The evidence in Baumgartner et al that you reference about the apparent association between lack of countermobilization and success is also related to @jackva's concern about my underemphasis on potential lobbying equilibria here. On the one hand, I think this is clearly evidence in favor of the hypothesis that there is some efficiency in the market for lobbying- perhaps most lobbyists have a good idea of which efforts succeed, and don't bother to countermobilize against less sophisticated opposition. On the other hand, lobbying is a sequential game, and, since the base rate for policy enactment is so low to start with, it makes sense that opposition wouldn't appear until there's a more significant threat.

EDIT: I've actually struck the first bit, with a note. I wanted to add one more thing, which is that I don't know how much you've adjusted your prior on lobbying, but I wouldn't say this has made me "optimistic" about lobbying. The core thing I've come away with is that lobbying for policy change is extraordinarily unlikely to succeed, but that marginal changes to increase the probability of success are (1) plausible, based on the research and (2) potentially cost-effective, based on the high value of some policies.

Comment by mattlerner on Informational Lobbying: Theory and Effectiveness · 2020-08-08T04:00:06.705Z · score: 1 (1 votes) · EA · GW

I like this spreadsheet idea and think I may kick it off (if you haven't already done so!)

I took the project on because I got interested in this topic, went looking for this, couldn't find it, and decided to make it so that it might be useful to others. I wasn't feeling very useful in my day job, so it was easy to stay motivated to spend time on this for a while. I tend to be most interested in generalizable or flexible approaches to improving welfare across different domains, and this seemed like it might be one of those.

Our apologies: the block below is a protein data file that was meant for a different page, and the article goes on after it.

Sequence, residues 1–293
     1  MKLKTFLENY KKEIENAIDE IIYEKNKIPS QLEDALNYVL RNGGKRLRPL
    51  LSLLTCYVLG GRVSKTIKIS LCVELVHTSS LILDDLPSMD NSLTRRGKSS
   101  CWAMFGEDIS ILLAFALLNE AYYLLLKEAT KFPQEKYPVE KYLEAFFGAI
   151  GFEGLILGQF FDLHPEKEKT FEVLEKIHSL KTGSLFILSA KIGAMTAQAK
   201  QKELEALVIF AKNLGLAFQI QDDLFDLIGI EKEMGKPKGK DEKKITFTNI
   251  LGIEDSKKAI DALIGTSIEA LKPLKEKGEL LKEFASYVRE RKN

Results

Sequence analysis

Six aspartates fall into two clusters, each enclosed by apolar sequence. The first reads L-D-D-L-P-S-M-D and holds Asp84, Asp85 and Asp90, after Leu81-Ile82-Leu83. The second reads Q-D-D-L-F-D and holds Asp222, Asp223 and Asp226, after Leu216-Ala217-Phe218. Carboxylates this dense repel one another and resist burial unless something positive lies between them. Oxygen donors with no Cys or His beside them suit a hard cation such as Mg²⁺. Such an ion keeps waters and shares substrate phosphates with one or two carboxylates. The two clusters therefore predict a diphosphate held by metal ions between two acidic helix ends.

Some areas I'm thinking about exploring. These are pretty rough thoughts:

  • Some more exploration of strategies for ameliorating child abuse in light of the well-known ACES Study. GiveWell and RandomEA have both explored Nurse-Family Partnerships. This problem is just so huge in terms of people affected (and in terms of second-order effects) that I think it's worth exploring a lot more. I'm particularly interested in focusing on child sexual abuse in particular.
  • Aggregating potentially cost-effective avenues to improve institutional performance. I'm curious about thinking at a higher level of abstraction than institutional decision-making. It seems worthwhile to put together the existing cross-disciplinary evidence on the question: what steps outside of those explicitly focusing on rationality and decision-making can companies/nonprofits/government agencies take to increase the probability that they make good decisions? A good example of one such step is in the apparent evidence that intellectually diverse teams make better decisions.
  • Long-term cost-effectiveness of stress reduction for pregnant women (with potential effects of infant mortality, maternal health, and long-term outcomes like brain development and violence).
  • Review of recent innovations that seem to like they might have potential for expediting scientific progress (like grant lotteries)
Comment by mattlerner on Informational Lobbying: Theory and Effectiveness · 2020-08-08T02:59:51.920Z · score: 11 (4 votes) · EA · GW

Hello and thank you for your response!

Your criticism of the cost-effectiveness model is fair. Thematically, I guess it does contradict the spirit of my prior analysis in that it avoids the concerns of strategic choice. I was actively trying to be as general as possible, and actively trying to err on the side of greater uncertainty by not including any assumptions about correlatedness, though it occurs to me now that making such an assumption (e.g. a correlation between expenditure and likelihood of success) would actually have increased the variance of the final estimate, which would have been more in line with my goals. When I have time, I may comment here with an updated CEA.